This is a response to "DR. ZACHARY SMITH'S LOST IN THE SPACE AT THE END OF SUMMER MOVIE QUIZ" by Dennis Cozzollo at Sergio Leone and the Infield Fly Rule.
Yeah, I know it's not the end of summer by any stretch of the imagination. But I've been wanting to tackle this list for a while and now is a convenient time, so let's call this the "Lost in the Space When I'm Taking a Vacation That I Should Have Taken at the End of Summer Movie Quiz," put it on automatic posting and call it a day. (Save for Monday, I probably will not be able to respond to comments, but I will respond to them in a week when I return. In the meantime, automated posts will be popping up every day so keep checking in.)
The list is after the jump.
1) Your favorite musical moment in a movie
So many. I'll take three, starting with Martin Scorsese's intro to Mean Streets. After Marty's spoken intro over black, and Harvey Keitel wandering around a dark, cramped apartment room after jerking awake (room abuzz with city sounds), he lies back down, head hits the pillow, Ronettes burst onto the soundtrack and we whirl giddily around a projector, followed by home movies under appropriately gritty typed-out looking credits. This is what cinema used to be capable of, and I think it still could be. Speaking about itself, about the outside world, about it's own history, about the rapture of watching movies, and doing so in the voice of a strident, simple, but rapturous popular culture (fused with street culture and a culture of the arts). Beautiful. The other two musical moments are Easy Rider and Last of the Mohicans - you can read about them, and more importantly watch the clips in question at the bottom of this entry.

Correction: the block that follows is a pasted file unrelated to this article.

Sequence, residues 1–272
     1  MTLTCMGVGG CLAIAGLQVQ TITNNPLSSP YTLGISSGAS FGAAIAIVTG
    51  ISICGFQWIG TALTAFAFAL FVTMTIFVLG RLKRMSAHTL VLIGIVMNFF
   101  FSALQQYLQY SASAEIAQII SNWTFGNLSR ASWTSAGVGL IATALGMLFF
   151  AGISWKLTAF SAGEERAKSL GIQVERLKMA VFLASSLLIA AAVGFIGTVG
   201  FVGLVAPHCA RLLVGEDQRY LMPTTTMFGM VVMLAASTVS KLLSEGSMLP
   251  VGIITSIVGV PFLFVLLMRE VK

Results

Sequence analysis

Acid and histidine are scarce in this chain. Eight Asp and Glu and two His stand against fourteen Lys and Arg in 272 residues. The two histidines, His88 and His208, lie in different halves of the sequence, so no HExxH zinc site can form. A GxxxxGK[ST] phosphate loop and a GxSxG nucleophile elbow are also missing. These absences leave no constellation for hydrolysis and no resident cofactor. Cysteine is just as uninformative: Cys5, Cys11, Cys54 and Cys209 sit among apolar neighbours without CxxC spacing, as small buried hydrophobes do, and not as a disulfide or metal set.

2) Ray Milland or Dana Andrews
I've hardly seen any of Ray Milland's work, but even if I were more familiar with The Lost Weekend, I suspect Andrews would retain the edge. For his work in The Best Years of Our Lives, if nothing else - he may give the best and most resonant performance in a great cast.
3) Favorite Sidney Lumet movie
Ah, good one. Though it's certainly not the best, and I wouldn't call it my favorite either, I've always had a soft spot for Running on Empty. It captures a flavor and texture of backroads, semi-rural American towns (see the early sequence when River Phoenix rides his bike through the woods) in a way few other films have. But my favorite might be The Verdict - let me use this opportunity to point you to my recent review, which hopefully you've already read. If not, let me know your thoughts on the film (if you've seen it).
4) Biggest surprise of the just-past summer movie season?
That I saw so few movies, though given the past few summers that shouldn't be such a surprise.
5) Gene Tierney or Rita Hayworth?
Tough. Rita I guess, though I've been especially found of Tierney as of late. But yeah, it's probably always gotta be Rita.
6) What’s the last movie you saw on DVD? In theaters?
On DVD, The Verdict (let me point your...oh whoops, already did. Sorry). In theaters, Vicky Cristina Barcelona.
7) Irwin Allen’s finest hour?
I was going to say Earthquake, with Charlton Heston as the hero (only he could match wits with a natural disaster) and Walter Matthau as a drunk. I saw about half of it on TV when I was eight or so. A look at Allen's IMDB filmography reveals he did not produce, direct, or write Earthquake (maybe he was gaffer?). I take a pass.
8) What were the films where you would rather see the movie promised by the poster than the one that was actually made?
I thought Margot at the Wedding had a great poster but I hated the movie.
9) Chow Yun-Fat or Tony Leung
10) Most pretentious movie ever
Mystic River (based largely on the ending) & King Kong (based largely on the whole thing)